[enviro-vlc] China’s Incinerators Loom as a Global Hazard
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Thu Aug 13 06:10:13 EST 2009
August 12, 2009
China’s Incinerators Loom as a Global Hazard
By KEITH BRADSHER
SHENZHEN, China — In this sprawling metropolis in southeastern China stand two
hulking brown buildings erected by a private company, the Longgang trash
incinerators. They can be smelled a mile away and pour out so much dark smoke
and hazardous chemicals that hundreds of local residents recently staged an
all-day sit-in, demanding that the incinerators be cleaner and that a planned
third incinerator not be built nearby.
After surpassing the United States as the world’s largest producer of household
garbage, China has embarked on a vast program to build incinerators as landfills
run out of space. But these incinerators have become a growing source of toxic
emissions, from dioxin to mercury, that can damage the body’s nervous system.
And these pollutants, particularly long-lasting substances like dioxin and
mercury, are dangerous not only in China, a growing body of atmospheric research
based on satellite observations suggests. They float on air currents across the
Pacific to American shores.
Chinese incinerators can be better. At the other end of Shenzhen from Longgang,
no smoke is visible from the towering smokestack of the Baoan incinerator, built
by a company owned by the municipal government. Government tests show that it
emits virtually no dioxin and other pollutants.
But the Baoan incinerator cost 10 times as much as the Longgang incinerators,
per ton of trash-burning capacity.
The difference between the Baoan and Longgang incinerators lies at the center of
a growing controversy in China. Incinerators are being built to wildly different
standards across the country and even across cities like Shenzhen. For years
Chinese government regulators have discussed the need to impose tighter limits
on emissions. But they have done nothing because of a bureaucratic turf war, a
Chinese government official and Chinese incineration experts said.
The Chinese government is struggling to cope with the rapidly rising mountains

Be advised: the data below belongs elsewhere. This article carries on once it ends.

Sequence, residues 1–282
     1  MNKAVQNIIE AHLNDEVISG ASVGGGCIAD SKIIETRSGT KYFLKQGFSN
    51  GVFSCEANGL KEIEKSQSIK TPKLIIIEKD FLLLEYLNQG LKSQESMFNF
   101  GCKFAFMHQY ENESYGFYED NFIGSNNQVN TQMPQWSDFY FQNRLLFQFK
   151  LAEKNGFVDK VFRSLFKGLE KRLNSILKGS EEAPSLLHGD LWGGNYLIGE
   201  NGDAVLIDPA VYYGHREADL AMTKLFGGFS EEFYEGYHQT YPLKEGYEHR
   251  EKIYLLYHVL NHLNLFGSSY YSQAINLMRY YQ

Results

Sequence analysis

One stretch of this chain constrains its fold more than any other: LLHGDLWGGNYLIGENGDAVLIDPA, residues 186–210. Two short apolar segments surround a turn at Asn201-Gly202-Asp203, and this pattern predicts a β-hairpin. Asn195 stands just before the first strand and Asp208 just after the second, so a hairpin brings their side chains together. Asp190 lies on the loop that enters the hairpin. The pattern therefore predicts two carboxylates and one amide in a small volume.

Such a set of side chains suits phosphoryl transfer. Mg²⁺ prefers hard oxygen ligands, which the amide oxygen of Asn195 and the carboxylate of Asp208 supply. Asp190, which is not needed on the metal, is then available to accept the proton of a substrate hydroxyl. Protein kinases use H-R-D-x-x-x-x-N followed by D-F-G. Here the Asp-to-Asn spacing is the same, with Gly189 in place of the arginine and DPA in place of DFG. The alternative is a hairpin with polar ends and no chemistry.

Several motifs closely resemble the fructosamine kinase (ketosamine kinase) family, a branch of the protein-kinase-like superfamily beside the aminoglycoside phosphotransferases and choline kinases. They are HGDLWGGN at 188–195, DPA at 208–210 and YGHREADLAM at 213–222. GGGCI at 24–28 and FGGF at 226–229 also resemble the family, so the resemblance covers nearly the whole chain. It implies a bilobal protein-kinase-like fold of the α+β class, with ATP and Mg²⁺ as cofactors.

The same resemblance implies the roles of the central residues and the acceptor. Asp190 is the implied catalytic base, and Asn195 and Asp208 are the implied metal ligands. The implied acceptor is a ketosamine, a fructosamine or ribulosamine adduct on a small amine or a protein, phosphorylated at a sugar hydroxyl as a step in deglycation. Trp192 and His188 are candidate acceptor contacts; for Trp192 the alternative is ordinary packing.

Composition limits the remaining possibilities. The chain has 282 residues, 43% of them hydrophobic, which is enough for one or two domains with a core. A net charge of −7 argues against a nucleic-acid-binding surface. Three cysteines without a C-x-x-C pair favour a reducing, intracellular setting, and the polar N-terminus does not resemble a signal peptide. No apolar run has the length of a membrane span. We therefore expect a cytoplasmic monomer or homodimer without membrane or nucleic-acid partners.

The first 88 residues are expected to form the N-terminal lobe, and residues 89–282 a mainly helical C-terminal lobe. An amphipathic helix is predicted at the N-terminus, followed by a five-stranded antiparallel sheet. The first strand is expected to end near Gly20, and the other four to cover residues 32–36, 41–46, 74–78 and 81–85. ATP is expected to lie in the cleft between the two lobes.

of trash generated as the world’s most populated country has raced from poverty
to rampant consumerism. Beijing officials warned in June that all of the city’s
landfills would run out of space within five years.
The governments of several cities with especially affluent, well-educated
citizens, including Beijing and Shanghai, are setting pollution standards as
strict as Europe’s. Despite those standards, protests against planned
incinerators broke out this spring in Beijing and Shanghai as well as Shenzhen.
Increasingly outspoken residents in big cities are deeply distrustful that
incinerators will be built and operated to international standards. “It’s hard
to say whether this standard will be reached — maybe the incinerator is designed
to reach this benchmark, but how do we know it will be properly operated?” said
Zhao Yong, a computer server engineer who has become a neighborhood activist in
Beijing against plans for an incinerator there.
Yet far dirtier incinerators continue to be built in inland cities where
residents have shown little awareness of pollution.
Studies at the University of Washington and the Argonne National Laboratory in
Argonne, Ill., have estimated that a sixth of the mercury now falling on North
American lakes comes from Asia, particularly China, mainly from coal-fired
plants and smelters but also from incinerators. Pollution from incinerators also
tends to be high in toxic metals like cadmium.